Annual mammography screenings find cancer in patients at a less advanced stage than those who have a mammogram every two years, according to a new study presented at the annual meeting of the Radiological Society of North America.
The study underscores the importance of detecting breast cancer––which is among the top causes of death from cancer among women––in its earliest stages, when it can be treated more effectively. Mammography is commonly accepted at the best screening tool to detect breast cancer, but there is some disagreement over the recommended frequency of the screenings.
Those disagreements led researchers from Michigan Medicine to determine if women should be tested annually or biennially. Researchers analyzed a group of 232 women between the ages of 40 and 84. They were all diagnosed with breast cancer, with 200, or 86%, who underwent annual mammograms and 32 who underwent biennial screening. Across both groups, about 5% of the cancers were invasive.
Researchers found annual screenings had significant advantages. The group with the annual screenings had fewer cases of late-stage cancers compared to the biennial group––24% compared to 43.8%. Biennial screenings were also associated with a bigger tumor size.
"Screening mammography performed once a year resulted in less advanced stage disease in patients diagnosed with breast cancer," said study co-author Sarah Moorman, MD, of the Department of Radiology at Michigan Medicine in Ann Arbor, Michigan.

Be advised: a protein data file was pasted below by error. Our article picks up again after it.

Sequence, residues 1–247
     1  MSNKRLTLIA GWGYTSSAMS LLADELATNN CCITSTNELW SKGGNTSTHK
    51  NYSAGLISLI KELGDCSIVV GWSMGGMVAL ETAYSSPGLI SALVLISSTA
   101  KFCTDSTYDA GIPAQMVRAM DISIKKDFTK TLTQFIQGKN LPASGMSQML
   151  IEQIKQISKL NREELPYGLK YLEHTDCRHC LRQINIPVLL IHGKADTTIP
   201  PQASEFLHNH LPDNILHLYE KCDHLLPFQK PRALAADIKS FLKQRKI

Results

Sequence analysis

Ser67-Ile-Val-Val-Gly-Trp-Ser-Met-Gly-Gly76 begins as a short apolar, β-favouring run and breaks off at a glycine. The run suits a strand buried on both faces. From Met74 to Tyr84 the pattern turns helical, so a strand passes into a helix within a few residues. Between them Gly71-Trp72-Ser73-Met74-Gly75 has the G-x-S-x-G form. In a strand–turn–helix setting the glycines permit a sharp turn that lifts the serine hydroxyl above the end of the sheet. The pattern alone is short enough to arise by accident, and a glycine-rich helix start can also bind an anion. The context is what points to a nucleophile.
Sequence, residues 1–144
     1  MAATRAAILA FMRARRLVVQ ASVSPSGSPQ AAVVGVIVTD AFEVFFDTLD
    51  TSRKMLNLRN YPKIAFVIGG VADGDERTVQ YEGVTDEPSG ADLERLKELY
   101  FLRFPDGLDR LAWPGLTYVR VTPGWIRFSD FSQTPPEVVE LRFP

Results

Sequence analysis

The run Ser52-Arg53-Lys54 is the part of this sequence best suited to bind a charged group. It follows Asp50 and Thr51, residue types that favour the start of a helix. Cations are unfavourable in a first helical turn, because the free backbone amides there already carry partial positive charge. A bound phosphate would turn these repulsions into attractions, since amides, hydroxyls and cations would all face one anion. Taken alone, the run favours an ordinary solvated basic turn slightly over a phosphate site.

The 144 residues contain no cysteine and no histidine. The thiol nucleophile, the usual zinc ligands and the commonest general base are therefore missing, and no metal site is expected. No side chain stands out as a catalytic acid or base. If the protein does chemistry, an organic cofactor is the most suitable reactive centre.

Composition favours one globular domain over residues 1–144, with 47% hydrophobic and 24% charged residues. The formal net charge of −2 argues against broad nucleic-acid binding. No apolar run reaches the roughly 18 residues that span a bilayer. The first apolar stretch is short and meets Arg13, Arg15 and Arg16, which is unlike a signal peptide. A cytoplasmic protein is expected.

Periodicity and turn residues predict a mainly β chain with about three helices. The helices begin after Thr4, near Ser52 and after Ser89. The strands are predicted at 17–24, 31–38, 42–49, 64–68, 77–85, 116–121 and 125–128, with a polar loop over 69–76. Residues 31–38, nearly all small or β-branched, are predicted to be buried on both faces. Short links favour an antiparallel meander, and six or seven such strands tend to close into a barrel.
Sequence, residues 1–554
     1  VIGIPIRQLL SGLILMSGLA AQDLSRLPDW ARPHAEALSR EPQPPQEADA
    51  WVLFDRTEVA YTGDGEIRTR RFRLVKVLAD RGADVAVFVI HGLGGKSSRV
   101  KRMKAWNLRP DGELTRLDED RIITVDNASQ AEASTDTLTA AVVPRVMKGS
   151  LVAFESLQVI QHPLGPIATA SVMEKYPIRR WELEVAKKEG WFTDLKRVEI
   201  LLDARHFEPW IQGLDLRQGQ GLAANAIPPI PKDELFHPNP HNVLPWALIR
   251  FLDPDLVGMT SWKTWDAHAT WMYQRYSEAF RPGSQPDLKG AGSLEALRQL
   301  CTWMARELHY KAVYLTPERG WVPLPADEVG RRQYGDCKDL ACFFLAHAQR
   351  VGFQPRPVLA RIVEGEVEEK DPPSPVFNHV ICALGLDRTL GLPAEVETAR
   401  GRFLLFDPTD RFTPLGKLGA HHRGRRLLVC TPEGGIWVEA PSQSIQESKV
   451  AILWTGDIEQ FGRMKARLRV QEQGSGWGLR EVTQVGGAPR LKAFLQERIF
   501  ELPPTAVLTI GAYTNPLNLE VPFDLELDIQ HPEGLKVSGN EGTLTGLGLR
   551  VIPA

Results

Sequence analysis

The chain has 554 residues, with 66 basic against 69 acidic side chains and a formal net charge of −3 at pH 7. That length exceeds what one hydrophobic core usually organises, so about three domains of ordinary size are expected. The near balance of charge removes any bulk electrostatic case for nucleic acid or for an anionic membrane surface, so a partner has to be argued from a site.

In addition, the biennial group saw more interval cancers, which are cancers found between screenings. Among the biennial group, more than one-third of women had interval cancers, compared to 10.5% among the annual screening group. Further, women had more aggressive treatment, such as chemotherapy and dissection of the axillary lymph nodes, when they underwent biennial screenings.
"There were trends toward less frequent axillary lymph node dissection and less frequent use of chemotherapy with annual screening compared with biennial screening," Moorman said.
The findings could help settle the debate about the recommended frequency of mammograms for women to detect breast cancer earlier. Currently, the National Comprehensive Cancer Network recommends annual screenings beginning at age 40 for women at risk, while the U.S. Preventive Services Task Force recommends biennial screenings for women of the same age and risk.